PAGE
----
Teens' Test Scores Go Up When Their Schools Ban Cell Phones

Mobile-free schools log the equivalent of an extra hour's worth of teaching every week.


Schools that ban mobile phones see a boost in student’s grades, a large-scale U.K. study has found. And European schools are following suit.

The research published by the London School of Economics examined 91 schools in Birmingham, London, Leicester, and Manchester, and found that a no-phone zone generated improvements equivalent to students getting five good passes on General Certificates of Secondary Education. That bump — roughly 6 percent across the board — was greater even than schools that allowed students to keep their phones so long as they were switched off. Digging deeper, the effect on underachieving kids was even more significant: a 14 percent increase in test scores. Access to Candy Crush and Snapchat could mean the difference between a four-year university scholarship and taking out loans for community college.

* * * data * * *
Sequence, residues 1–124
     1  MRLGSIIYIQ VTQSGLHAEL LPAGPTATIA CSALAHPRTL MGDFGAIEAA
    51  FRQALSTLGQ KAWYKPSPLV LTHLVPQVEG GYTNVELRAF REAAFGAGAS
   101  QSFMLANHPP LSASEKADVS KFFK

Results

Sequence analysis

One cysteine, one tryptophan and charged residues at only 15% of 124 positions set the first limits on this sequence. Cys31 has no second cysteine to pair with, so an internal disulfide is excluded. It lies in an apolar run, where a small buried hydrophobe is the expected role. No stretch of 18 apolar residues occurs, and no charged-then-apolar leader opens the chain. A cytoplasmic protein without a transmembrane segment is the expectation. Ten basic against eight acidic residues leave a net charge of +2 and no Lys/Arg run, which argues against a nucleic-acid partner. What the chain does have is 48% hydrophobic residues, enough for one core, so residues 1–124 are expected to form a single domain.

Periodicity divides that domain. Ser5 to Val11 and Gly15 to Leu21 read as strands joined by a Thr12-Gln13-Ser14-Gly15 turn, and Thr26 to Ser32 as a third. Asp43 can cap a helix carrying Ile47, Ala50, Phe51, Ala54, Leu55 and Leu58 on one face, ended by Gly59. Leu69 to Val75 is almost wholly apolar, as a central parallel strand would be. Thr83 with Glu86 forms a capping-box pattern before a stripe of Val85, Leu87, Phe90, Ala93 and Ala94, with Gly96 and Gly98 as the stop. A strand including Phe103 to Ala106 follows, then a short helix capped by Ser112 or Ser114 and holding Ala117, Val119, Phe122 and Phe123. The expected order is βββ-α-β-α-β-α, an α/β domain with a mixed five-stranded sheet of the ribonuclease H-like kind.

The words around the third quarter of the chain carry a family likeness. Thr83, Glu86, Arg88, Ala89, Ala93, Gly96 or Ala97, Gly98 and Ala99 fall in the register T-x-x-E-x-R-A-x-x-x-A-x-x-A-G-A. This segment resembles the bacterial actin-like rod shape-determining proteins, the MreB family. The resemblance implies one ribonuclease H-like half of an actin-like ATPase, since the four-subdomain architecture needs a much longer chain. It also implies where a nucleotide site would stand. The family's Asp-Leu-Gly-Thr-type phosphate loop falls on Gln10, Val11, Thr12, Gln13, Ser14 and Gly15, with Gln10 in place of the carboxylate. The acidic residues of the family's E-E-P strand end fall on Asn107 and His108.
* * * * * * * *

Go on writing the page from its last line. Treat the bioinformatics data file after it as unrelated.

Many schools are making phones verboten. A public school north of the Danish city of Silkeborg just announced a ban, and England’s Department for Education discipline tsar, Tom Bennett, has announced an inquiry into banning devices entirely.

While the Brits are cracking down, Americans are loosening up. In March, NYC Mayor Bill de Blasio lifted a ban on cell phones in schools, opting instead to let each institution set its own rules. No word yet on whether those schools allowing devices will teach proper care and presentation of the Union Jack.